As for the other member of the Big Four, the United Kingdom,  their tediously dull and unmemorable That Sounds Good to Me, by Josh, was excessively punished by the other nations. If Spain could complain that their arrogant French neighbours had not given them any points, they could at least be glad that Portugal did their part. The UK got no help, and even less, only managed to sum ten points. That is, 236 points less than the winning nation, and last place in the contest for the third time in eight years. It just makes you wonder how long it will be before the British Public beg to no longer attend the Eurovision Song contest, as it ultimately is a farce.

 Yet for now, the show will go on, the whining will have to be reserved for each nation, and one can only congratulate the winners, Germany, and each person can hope that next year their nation send the worst possible singer they can find to try and ruin that cheesy debacle that is the Eurovision Song Contest.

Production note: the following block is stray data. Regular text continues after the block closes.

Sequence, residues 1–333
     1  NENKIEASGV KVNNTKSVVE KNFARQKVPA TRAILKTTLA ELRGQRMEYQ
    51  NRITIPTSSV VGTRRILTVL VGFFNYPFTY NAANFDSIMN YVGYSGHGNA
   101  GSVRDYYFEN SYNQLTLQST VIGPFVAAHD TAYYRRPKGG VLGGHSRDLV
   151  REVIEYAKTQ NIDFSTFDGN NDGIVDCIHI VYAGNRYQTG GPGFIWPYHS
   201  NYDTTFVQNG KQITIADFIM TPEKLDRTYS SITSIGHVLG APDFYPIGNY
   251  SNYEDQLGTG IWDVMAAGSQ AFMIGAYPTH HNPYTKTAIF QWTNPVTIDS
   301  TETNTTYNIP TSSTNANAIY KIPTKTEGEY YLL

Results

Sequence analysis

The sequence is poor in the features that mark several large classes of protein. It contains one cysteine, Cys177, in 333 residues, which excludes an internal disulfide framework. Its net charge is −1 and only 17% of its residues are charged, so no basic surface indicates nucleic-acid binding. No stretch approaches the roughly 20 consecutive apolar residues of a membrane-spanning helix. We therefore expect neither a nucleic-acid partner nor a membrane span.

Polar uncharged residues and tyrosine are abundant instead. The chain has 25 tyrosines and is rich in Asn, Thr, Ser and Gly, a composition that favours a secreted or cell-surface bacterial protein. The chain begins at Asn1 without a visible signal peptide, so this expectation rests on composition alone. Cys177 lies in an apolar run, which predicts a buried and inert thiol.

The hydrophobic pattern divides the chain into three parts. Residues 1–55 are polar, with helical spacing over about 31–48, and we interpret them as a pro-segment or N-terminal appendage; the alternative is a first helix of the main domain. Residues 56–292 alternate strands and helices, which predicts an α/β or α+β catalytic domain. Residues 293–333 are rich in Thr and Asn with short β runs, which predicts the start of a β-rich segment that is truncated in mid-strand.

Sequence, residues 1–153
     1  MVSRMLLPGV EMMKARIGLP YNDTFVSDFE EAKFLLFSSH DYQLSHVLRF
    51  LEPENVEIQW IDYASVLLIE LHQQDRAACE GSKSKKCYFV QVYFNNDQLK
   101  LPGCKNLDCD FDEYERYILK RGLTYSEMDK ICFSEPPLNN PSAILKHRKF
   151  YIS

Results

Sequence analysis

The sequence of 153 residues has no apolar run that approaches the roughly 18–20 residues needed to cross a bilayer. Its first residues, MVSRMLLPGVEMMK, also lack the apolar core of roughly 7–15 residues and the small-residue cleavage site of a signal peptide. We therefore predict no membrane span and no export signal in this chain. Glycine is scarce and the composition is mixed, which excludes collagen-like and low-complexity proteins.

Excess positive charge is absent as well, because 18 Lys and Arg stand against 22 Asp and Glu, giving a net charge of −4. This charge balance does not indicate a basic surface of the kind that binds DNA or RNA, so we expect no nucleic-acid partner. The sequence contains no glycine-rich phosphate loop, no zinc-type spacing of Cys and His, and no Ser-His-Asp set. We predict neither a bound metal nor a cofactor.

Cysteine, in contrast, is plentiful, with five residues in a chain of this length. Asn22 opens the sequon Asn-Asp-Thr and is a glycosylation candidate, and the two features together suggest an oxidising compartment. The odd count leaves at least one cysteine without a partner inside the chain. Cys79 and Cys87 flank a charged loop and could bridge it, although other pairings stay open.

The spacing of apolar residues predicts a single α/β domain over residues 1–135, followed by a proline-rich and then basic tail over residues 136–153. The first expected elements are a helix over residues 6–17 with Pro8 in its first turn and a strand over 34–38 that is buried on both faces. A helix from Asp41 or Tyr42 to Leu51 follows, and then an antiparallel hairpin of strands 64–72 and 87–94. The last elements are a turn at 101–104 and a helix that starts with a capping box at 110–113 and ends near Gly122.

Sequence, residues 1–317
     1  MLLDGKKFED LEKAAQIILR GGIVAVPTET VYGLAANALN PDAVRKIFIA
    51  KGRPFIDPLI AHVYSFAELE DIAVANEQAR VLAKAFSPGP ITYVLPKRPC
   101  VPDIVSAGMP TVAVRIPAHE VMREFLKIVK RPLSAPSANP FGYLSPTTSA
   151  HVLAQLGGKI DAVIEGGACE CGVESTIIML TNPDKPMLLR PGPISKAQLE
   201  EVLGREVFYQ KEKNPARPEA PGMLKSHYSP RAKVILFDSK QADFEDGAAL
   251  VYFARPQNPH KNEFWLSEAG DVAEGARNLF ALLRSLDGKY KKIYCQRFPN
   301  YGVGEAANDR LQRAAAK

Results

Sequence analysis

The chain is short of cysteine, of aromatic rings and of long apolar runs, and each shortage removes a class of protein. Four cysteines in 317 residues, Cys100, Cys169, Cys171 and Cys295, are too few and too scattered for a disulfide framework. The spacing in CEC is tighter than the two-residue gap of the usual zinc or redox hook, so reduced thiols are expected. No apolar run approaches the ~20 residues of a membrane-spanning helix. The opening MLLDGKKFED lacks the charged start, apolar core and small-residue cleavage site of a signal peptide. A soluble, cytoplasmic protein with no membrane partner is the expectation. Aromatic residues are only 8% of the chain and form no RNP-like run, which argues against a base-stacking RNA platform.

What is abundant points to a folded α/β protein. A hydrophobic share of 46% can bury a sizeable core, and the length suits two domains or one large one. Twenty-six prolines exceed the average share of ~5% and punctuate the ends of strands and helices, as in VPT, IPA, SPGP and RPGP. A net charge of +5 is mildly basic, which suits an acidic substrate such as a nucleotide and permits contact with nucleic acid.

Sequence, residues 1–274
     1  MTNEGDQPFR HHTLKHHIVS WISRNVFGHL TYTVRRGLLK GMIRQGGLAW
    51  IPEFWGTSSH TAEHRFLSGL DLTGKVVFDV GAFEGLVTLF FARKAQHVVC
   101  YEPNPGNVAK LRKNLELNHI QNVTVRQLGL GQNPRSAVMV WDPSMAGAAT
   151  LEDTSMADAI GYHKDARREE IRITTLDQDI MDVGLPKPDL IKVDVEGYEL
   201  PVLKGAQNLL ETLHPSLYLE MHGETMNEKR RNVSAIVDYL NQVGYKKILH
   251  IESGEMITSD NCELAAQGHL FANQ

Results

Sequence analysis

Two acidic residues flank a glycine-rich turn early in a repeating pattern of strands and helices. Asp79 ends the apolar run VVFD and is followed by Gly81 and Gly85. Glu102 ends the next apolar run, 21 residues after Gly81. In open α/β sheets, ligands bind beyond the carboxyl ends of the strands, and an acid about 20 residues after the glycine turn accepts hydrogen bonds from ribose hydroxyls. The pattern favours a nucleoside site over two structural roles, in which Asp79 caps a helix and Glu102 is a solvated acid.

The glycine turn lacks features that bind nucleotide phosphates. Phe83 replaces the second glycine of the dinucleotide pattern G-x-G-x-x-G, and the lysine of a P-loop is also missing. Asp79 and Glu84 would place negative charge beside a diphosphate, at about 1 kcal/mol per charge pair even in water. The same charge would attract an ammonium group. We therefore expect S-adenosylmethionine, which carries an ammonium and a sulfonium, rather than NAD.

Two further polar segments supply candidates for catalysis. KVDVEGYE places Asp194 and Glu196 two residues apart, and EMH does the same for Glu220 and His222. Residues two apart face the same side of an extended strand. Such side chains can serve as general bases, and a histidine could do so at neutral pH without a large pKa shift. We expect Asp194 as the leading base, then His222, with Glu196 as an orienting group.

Top Five Moments:

  1. Spain’s intruder: For the first time, a song had to be re-sung as a member of the crowd jumped on stage and sabotaged Spain’s song, making it the only thing memorable about this boring piece.
  2. Armenia’s cleavage: You wouldn’t be able to hum Armenia’s tune, or even remember if it was a ballad or a dance song, but you sure as hell cannot forget the cleaveage Eva Rivas exposed in Oslo. Special mention must also go to Azerbajan and Georgia, for their beauties.
  3. United Kingdom…10 points. It was an awful display from the UK, even though the song itself wasn’t the worst of the lot (Portugal’s Disney-esque rip off should perhaps have gotten the worst marks), yet it proved to show that the Brits need to make more friends.
  4. Neighbourhood watch: Yet again it was good to see that Bosnia still love Serbia, Russia loves Armenia, Azerbajan and Albania, and in general, Finland loves Denmark, Germany has a lot of Turkish voters and France hate Spain. What is the point of this again? Is Italy the only country who realised how silly this is?